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Murder Most RussianTrue Crime and Punishment in Late Imperial Russia$
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Louise McReynolds

Print publication date: 2012

Print ISBN-13: 9780801451454

Published to Cornell Scholarship Online: August 2016

DOI: 10.7591/cornell/9780801451454.001.0001

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Introduction

Introduction

Chapter:
(p.1) Introduction
Source:
Murder Most Russian
Author(s):

Louise McReynolds

Publisher:
Cornell University Press
DOI:10.7591/cornell/9780801451454.003.0001

This introductory chapter provides an overview of the Great Reforms, which reformed the legal system and revolutionized justice, launched by Tsar Alexander II (1855–1881) following Russia's disastrous defeat in the Crimean War (1853–1856). Structurally, the new Code of Criminal Procedure—which created an independent judiciary with trials open to the public—transformed the inquisitorial system into an adversarial one. The theatricality of the adversarial courtroom made it a place where modernity could be performed by all involved in the pursuit of justice. Moreover, the open, adversarial courtroom introduced two emergent professions to the public: the defense attorney, or zashchitnik, and the forensic specialist.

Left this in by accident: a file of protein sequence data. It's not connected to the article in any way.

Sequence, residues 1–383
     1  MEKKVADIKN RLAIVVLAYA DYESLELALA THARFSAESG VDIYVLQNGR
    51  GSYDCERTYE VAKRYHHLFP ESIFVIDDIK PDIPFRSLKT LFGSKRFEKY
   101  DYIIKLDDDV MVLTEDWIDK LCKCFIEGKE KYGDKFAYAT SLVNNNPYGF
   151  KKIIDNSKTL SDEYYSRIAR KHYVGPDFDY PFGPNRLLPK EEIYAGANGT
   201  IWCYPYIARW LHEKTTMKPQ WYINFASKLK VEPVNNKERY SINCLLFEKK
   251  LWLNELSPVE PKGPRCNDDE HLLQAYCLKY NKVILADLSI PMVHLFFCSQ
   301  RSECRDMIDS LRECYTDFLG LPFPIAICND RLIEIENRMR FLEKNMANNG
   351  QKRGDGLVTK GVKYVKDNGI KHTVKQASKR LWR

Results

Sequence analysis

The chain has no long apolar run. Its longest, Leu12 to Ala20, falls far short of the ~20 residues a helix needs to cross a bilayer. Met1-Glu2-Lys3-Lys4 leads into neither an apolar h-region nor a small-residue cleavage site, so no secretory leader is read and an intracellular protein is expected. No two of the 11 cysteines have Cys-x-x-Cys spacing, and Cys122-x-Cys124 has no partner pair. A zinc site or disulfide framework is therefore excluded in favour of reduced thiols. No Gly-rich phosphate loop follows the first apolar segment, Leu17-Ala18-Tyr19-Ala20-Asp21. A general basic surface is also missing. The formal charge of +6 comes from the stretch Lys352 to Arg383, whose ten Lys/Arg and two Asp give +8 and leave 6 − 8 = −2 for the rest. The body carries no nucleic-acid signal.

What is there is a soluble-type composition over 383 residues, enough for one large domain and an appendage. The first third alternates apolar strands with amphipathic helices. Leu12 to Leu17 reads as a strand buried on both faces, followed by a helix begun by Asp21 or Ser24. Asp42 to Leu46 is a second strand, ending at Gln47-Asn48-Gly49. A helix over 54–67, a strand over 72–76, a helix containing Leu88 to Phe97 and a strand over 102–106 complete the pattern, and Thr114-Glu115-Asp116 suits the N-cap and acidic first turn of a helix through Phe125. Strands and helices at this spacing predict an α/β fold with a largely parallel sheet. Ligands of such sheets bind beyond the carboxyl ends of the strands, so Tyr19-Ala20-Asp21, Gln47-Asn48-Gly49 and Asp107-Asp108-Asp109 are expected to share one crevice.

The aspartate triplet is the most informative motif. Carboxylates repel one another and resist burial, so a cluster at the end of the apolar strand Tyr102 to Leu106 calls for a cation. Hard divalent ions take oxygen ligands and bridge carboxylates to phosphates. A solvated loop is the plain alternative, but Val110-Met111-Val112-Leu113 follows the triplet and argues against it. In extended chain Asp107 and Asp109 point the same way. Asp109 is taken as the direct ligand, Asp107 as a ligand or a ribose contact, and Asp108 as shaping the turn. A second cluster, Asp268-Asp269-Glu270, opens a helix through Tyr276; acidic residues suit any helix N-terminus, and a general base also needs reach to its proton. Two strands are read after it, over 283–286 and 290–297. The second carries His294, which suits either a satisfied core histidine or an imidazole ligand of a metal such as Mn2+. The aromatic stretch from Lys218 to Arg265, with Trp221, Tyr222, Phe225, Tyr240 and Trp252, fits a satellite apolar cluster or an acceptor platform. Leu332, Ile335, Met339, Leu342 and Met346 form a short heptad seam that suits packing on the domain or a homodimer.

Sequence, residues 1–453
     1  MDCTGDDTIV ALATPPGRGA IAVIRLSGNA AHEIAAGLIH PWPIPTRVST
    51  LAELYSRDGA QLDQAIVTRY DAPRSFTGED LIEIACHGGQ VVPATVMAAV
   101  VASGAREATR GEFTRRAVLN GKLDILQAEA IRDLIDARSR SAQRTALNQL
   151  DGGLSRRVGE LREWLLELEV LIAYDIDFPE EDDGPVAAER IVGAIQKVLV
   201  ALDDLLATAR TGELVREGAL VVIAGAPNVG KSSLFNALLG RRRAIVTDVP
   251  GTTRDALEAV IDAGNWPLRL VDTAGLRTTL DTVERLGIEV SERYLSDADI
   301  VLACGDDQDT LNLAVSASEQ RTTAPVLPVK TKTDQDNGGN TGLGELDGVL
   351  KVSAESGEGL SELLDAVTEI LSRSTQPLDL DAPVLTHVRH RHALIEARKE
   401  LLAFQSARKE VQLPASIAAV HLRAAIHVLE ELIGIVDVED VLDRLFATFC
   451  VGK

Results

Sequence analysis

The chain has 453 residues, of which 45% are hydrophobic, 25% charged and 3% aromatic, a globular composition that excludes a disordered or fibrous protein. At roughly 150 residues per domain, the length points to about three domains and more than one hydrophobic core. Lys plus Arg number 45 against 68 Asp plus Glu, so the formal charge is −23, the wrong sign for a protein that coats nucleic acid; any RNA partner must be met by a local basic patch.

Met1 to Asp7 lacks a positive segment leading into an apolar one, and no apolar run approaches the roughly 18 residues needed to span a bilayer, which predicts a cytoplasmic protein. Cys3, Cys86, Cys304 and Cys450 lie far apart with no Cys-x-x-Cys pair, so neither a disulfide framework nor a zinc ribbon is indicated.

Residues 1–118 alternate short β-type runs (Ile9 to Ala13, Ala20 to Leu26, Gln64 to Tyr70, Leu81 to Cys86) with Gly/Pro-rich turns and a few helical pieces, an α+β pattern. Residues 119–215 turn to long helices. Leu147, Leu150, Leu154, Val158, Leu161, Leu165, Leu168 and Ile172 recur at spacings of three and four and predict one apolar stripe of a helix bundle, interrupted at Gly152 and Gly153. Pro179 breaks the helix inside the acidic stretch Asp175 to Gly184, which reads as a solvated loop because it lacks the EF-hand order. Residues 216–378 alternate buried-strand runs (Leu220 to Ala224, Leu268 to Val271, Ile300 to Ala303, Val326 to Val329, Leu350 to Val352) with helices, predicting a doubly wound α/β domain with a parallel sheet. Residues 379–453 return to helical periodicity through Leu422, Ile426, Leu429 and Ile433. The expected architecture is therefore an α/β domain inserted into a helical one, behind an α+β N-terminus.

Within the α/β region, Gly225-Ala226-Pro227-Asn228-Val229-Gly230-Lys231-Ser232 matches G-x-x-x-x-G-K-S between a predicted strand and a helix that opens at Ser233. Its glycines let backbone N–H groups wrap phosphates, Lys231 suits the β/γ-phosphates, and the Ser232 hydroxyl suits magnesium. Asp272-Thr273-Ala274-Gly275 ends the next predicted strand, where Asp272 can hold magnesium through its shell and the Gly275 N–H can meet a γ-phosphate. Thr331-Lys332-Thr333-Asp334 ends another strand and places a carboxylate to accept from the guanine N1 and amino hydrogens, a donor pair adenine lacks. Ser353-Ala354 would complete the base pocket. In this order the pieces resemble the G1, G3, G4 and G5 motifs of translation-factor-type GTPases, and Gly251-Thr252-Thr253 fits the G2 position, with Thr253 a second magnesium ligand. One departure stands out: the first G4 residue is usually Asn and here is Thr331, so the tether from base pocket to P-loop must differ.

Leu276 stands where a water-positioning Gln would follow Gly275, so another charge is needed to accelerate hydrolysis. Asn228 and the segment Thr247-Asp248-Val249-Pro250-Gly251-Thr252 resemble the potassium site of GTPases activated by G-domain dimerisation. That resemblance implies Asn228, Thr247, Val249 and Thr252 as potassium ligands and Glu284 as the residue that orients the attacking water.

Keywords:   Great Reforms, Russian legal system, Tsar Alexander II, independent judiciary, adversarial courtroom, modernity, defense attorney, forensic specialist, autocracy, postreform Russia

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